Kettering native a big reason Flyers played Razorbacks

Arkansas wasn’t a random opponent for Dayton. There’s a reason the Flyers played the Razorbacks on Saturday. His name is Jeff Long.

The Kettering native grew up rooting for the Flyers, and he was instrumental in Pittsburgh scheduling Dayton when he was the athletic director there. He left for the same position at Arkansas in the fall of 2007 and wanted to get the Flyers on the schedule again.

As the chairman of the College Football Playoff selection committee, Long has had a busy fall, but he sat down to talk about growing up in Dayton, his love and respect for UD basketball and his current job as Arkansas athletic director before Dayton lost 69-55 to the Razorbacks at Bud Walton Arena.

Q: Where does your love of sports come from?

A: My fondest memories are playing football for Fairmont East and playing against Fairmont West. I had the pleasure of beating them both my junior and senior years. Coach Dick Hoppe was there, and Rusty Clifford was my coach. I just thoroughly enjoyed that experience. I played football and baseball in high school and went on to do the same thing at Ohio Wesleyan.

Q: Did you root for the Flyers then?

A: Absolutely. As a matter of fact, my first college basketball game ever was when I was a young boy, I went with my dad to the FieldHouse on campus, and my father and my uncles — I remember this was such a big deal — they got season tickets when UD Arena opened, and they shared them. My father worked for General Motors in the factory, and so did my uncles.

Q: Why did you want to schedule Dayton?

A: I left (Pittsburgh) before we had the chance to play (at UD Arena). I set it up and left. Once I got to the athletic director level, it’s been something I’ve wanted to do: bring a team back to Dayton and play the Flyers. God willing, I’ll be here next year and we’ll have a chance to come to UD Arena next year. The Razorbacks have been top 15 (in attendance). I know Dayton’s right up there, too. It’s a great game for both teams. Dayton needs to play the SEC and the Big Ten. We need to play the teams like Dayton that are great RPI teams.

Q: Was it easier to schedule the Flyers after they made the Elite Eight?

A: That made it even more enticing for us to play Dayton.

Q: What was your experience with the College Football Playoff selection committee like?

A: We met for seven straight weeks on Mondays and Tuesdays. I would actually go in on Sundays to prepare for the meetings on Monday. Once I got done with my media obligations on Tuesday evening, I was able to catch the last commuter flight home from Dallas to Fayetteville. I’d get home about 1 o’clock in the morning. That was a grueling stretch but a professionally rewarding experience, and I wouldn’t trade it for anything.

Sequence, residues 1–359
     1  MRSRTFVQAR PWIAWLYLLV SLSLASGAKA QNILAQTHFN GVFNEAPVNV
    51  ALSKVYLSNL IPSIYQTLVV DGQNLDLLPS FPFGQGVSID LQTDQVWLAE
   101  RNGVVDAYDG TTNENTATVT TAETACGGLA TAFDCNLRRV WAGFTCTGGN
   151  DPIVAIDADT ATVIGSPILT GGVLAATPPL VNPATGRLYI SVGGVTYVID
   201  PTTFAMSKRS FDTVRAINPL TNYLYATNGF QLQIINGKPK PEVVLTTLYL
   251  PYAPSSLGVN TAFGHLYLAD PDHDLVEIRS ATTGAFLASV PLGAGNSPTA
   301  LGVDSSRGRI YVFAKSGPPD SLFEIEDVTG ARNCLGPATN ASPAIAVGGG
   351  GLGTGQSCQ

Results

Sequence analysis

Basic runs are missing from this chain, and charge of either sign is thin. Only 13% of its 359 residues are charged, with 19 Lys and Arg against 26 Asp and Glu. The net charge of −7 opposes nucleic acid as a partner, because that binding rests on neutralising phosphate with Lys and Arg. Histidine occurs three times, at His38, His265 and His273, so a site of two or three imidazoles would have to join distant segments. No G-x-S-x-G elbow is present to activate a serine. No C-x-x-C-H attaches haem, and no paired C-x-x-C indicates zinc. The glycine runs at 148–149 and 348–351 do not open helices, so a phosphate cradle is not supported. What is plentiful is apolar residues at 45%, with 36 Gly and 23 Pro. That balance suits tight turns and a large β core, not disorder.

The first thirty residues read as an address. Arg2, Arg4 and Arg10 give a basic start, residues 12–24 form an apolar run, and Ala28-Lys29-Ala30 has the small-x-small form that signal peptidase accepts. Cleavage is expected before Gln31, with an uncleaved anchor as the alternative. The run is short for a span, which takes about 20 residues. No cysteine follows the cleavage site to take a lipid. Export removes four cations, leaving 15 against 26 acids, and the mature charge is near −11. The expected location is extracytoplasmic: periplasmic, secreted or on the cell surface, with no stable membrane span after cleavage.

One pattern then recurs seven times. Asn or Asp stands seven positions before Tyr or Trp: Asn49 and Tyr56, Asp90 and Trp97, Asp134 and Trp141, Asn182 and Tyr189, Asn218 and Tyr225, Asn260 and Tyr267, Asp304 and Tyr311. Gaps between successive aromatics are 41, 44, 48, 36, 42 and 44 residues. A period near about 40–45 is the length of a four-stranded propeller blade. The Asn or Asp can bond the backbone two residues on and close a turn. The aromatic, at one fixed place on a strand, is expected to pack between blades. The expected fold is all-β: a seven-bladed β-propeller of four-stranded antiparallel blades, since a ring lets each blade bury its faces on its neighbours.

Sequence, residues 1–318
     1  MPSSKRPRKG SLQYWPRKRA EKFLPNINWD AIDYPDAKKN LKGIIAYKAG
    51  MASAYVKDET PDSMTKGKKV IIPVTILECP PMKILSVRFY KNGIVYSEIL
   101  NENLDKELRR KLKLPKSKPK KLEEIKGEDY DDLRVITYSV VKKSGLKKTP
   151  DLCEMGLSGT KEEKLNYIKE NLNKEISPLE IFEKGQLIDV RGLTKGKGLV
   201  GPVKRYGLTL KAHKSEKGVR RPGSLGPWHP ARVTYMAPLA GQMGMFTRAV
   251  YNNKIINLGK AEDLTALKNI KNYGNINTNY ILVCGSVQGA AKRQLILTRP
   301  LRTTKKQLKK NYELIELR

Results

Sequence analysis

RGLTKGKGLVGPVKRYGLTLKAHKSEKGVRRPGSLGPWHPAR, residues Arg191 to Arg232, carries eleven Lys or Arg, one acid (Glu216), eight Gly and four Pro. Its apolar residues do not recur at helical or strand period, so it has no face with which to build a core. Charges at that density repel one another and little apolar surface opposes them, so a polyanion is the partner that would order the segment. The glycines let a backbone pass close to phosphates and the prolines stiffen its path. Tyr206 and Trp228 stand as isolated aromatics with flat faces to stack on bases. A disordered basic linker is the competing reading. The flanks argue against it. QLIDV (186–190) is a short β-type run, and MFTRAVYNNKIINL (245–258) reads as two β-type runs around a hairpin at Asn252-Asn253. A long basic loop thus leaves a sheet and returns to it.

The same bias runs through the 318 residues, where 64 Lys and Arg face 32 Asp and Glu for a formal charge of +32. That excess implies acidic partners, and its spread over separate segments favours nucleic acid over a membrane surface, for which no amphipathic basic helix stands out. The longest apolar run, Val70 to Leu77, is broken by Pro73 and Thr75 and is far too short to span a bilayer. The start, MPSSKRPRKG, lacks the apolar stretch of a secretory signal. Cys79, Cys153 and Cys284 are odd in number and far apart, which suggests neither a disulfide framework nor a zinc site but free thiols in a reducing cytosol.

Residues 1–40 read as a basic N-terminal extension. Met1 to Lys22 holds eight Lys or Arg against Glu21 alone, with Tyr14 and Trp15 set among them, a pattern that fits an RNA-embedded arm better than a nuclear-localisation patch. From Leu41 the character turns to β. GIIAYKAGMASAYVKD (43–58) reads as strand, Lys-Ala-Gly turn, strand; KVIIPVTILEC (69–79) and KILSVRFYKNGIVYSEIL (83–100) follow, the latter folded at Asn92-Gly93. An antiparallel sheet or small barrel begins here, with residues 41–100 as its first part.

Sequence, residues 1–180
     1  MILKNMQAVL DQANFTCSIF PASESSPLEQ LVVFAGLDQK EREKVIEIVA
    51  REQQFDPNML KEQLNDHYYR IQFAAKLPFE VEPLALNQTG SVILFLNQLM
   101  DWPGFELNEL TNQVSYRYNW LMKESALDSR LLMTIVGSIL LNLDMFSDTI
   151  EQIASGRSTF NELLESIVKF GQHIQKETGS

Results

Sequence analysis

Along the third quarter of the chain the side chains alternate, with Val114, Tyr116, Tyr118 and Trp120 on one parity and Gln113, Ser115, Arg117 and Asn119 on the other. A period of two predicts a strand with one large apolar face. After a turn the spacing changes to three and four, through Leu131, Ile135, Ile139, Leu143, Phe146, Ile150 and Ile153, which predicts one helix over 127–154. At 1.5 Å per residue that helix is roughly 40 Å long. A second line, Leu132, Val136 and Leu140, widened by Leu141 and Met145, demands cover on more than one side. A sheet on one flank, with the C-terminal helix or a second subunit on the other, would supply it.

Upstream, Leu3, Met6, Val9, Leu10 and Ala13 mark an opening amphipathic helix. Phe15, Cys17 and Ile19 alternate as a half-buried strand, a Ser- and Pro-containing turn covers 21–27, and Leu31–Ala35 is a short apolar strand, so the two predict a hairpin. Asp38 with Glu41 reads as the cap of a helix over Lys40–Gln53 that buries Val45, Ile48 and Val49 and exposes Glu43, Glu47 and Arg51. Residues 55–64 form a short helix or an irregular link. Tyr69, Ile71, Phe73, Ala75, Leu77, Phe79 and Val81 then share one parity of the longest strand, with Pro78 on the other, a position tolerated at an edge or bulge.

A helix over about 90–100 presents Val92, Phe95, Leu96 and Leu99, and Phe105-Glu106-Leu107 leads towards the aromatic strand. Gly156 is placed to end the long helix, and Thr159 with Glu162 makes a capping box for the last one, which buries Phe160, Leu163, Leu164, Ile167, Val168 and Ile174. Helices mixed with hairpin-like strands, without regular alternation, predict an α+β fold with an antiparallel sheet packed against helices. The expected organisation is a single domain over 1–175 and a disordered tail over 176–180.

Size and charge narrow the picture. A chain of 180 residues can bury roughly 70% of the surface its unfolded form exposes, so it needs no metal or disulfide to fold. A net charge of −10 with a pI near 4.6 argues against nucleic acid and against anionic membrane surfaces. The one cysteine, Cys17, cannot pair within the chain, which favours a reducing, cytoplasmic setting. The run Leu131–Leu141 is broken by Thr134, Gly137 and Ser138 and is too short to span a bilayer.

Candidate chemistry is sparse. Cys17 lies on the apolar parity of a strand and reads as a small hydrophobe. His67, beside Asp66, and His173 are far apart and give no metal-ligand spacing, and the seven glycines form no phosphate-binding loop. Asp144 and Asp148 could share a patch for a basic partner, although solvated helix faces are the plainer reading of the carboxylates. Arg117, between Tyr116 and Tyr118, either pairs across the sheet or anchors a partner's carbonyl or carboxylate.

Q: How much of an honor was it to be named chair of the committee?

A: When I was first selected to be on the committee, I was quite shocked. I really was. I didn’t even know I was nominated to serve. (Southeastern Conference Commissioner Mike Slive) called me and said, hey they want you to serve. I was a little bit reluctant. I wasn’t sure about the time demands. It would take me away from my family, which is important to me, and my role here at Arkansas. About two or three weeks later, the commissioner called back and said, ‘By the way, we want you to serve as the first chair of the College Football Playoff.’ It was a tremendous honor.

Q: Were you happy with the job the committee did?

A: It is a difficult process. We knew going in a year ago when we first put the committee together, there’s going to be some fan bases that are not happy. Not everyone is going to agree with our decisions. … But I do think we got it right. I think the majority of college football fans across the country think those are the four best teams. I understand the two fan bases that were left out. I understand their disappointment and vitriol, in some respects. I get it. But they asked us to make tough decisions, and we did.

Q: What did you think of Ohio State’s season?

A: We were certainly concerned when they lost to Virginia Tech. That was not a good loss. It turned out to be a little bit better as Virginia Tech ended up a bowl-eligible team. Ohio State showed their strength as a team. They impressed the committee the most because, as a team, they were able to overcome having to replace two quarterbacks. When you do that and still win and win as convincingly as they did, that’s a sign of a great team. You couldn’t overcome that with just a new quarterback. It took a team effort. I do think they’re one of the best four teams.

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